25 Oct NPD Group Report: U.S. Footwear Q3 Sales Flat
According to the NPD Group, in third quarter 2022, U.S. footwear sales revenue was flat at $10.8 billion versus Q3 2021. It further noted that gains in fashion footwear offset declines in performance footwear.
According to NPD’s POS data,
- leisure footwear sales were flat at $5.2 billion,
- fashion footwear sales reached $3.5 billion, up 7 percent;
- performance footwear sales totaled $2.1 billion, down 6 percent year-over-year; and
- while sneakers continued to capture the largest piece of the footwear business, fashion shoes and sandals were the top growth categories in Q3, based on sales-revenue gains.
As the fastest-growing area of the footwear market this year, the fashion segment has recovered to pre-pandemic 2019 levels, according to NPD, as consumers returned to in-person activities and events, stocking their closets with dress and casual styles.
From a channel perspective, brick-and-mortar store sales were flat in Q3 compared to last year, while e-commerce sales continued to grow, rising 4 percent. E-commerce outperformed in-store sales in all footwear categories except fashion, where the two channels performed equally.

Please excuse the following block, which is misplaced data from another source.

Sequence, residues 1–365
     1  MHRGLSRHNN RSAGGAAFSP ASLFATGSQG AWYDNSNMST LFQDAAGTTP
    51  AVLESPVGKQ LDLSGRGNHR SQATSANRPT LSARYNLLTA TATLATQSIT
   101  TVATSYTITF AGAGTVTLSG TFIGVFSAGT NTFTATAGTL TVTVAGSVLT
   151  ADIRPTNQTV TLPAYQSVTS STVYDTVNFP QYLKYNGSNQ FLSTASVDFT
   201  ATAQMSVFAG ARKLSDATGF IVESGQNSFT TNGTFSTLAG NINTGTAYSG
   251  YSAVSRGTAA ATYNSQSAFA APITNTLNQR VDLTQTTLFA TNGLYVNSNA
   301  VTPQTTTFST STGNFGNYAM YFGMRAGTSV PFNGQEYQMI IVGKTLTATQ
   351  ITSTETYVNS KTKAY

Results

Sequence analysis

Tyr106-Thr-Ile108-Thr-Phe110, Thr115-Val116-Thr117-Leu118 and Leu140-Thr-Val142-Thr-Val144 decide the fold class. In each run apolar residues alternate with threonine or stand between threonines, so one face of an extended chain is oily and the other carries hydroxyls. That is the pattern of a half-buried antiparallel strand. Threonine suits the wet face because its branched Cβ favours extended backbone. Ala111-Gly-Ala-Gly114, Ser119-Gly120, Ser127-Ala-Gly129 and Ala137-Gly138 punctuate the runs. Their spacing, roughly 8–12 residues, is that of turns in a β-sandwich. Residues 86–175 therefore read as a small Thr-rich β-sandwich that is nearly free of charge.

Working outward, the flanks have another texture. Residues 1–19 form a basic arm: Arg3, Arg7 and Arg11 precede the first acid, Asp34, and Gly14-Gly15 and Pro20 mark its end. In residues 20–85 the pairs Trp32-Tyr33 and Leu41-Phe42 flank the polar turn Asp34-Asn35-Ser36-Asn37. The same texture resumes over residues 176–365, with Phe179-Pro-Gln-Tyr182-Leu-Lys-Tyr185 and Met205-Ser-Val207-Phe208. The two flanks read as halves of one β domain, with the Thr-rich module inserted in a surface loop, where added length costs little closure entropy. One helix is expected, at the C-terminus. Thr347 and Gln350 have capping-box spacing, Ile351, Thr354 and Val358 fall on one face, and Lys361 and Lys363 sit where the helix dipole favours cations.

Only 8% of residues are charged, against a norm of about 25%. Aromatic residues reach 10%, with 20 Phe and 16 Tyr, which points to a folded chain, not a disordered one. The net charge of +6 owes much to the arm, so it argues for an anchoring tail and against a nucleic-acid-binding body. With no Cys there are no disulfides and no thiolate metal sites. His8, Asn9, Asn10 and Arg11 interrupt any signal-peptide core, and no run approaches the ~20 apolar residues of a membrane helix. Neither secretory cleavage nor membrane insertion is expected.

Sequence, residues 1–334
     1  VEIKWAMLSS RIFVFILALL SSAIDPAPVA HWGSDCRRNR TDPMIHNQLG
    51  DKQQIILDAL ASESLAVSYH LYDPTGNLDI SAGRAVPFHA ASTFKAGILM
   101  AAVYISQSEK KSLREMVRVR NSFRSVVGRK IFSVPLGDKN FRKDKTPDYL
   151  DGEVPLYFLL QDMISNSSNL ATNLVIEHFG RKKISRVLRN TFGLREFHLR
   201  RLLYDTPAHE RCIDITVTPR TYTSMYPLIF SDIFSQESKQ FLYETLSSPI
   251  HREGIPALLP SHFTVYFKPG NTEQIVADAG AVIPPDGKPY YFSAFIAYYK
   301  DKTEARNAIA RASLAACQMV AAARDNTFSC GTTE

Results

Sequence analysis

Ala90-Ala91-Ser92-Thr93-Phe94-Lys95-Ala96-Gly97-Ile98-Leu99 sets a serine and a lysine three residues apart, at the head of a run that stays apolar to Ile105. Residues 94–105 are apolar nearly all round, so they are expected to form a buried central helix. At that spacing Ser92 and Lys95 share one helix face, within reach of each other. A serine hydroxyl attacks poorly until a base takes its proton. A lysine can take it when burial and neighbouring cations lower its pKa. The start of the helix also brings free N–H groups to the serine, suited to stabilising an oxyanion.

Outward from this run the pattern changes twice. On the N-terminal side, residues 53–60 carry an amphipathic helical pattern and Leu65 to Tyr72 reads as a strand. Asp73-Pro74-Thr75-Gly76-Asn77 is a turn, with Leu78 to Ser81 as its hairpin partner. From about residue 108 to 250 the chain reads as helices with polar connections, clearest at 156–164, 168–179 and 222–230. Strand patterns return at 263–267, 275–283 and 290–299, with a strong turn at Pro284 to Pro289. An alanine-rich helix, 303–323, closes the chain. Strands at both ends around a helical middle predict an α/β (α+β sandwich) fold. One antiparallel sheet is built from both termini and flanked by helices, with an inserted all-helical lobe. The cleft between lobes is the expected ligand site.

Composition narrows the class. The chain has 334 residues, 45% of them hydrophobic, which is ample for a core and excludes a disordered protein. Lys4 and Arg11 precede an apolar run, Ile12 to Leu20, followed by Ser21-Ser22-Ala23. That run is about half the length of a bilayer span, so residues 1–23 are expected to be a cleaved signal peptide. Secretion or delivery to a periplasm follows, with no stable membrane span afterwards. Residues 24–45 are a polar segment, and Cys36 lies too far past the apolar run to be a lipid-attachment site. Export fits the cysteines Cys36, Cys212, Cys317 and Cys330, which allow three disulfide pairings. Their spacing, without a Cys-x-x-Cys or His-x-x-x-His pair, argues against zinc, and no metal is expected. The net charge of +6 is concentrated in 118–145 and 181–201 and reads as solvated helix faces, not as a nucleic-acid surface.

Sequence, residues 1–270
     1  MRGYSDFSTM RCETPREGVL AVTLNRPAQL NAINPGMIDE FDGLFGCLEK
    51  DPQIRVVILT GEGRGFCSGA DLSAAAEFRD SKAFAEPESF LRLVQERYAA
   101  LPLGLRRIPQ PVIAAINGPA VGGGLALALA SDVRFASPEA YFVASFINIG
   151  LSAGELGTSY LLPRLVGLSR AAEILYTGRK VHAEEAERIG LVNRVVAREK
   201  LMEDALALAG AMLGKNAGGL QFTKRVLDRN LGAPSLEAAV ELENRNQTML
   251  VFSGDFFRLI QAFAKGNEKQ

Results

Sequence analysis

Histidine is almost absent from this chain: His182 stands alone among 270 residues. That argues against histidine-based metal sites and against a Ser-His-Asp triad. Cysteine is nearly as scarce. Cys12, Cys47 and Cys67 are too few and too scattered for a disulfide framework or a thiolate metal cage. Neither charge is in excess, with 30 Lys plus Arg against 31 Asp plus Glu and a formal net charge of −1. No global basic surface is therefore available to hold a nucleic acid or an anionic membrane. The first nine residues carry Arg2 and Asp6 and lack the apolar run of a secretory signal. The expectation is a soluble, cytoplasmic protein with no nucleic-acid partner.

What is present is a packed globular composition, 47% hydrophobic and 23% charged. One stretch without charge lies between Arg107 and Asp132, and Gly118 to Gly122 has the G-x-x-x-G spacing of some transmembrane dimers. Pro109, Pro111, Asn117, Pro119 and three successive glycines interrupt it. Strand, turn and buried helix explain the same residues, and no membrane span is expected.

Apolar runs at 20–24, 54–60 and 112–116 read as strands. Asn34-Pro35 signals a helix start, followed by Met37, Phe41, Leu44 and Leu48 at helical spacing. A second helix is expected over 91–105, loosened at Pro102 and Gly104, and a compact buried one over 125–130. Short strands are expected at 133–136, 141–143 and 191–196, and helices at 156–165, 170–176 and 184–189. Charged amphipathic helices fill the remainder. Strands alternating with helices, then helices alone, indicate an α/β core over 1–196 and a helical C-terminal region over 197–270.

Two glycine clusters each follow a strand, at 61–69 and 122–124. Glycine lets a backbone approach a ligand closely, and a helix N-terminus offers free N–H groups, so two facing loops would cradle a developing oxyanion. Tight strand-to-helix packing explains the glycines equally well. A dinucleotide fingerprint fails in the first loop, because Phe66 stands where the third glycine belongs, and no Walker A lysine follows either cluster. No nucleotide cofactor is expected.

“Social events are back on the calendar, prompting consumers to purchase dressier silhouettes to refresh and replenish their wardrobes, something they really haven’t had to do for two years,” said Beth Goldstein, fashion footwear and accessories analyst at the NPD Group. “These needs should help drive sales through the holiday season, although footwear sales are projected to be slightly down in the fourth quarter versus last year according to the NPD Future of Footwear forecast.”
“While athletic footwear sales remain above pre-pandemic 2019 levels, inflation and recession fears, coupled with lingering supply chain issues, are creating shaky ground for the industry,” said Matt Powell, sports industry advisor at the NPD Group. “We expect a heavily promotional holiday shopping season for athletic footwear as brands promote to drive sales and clear excess inventory.”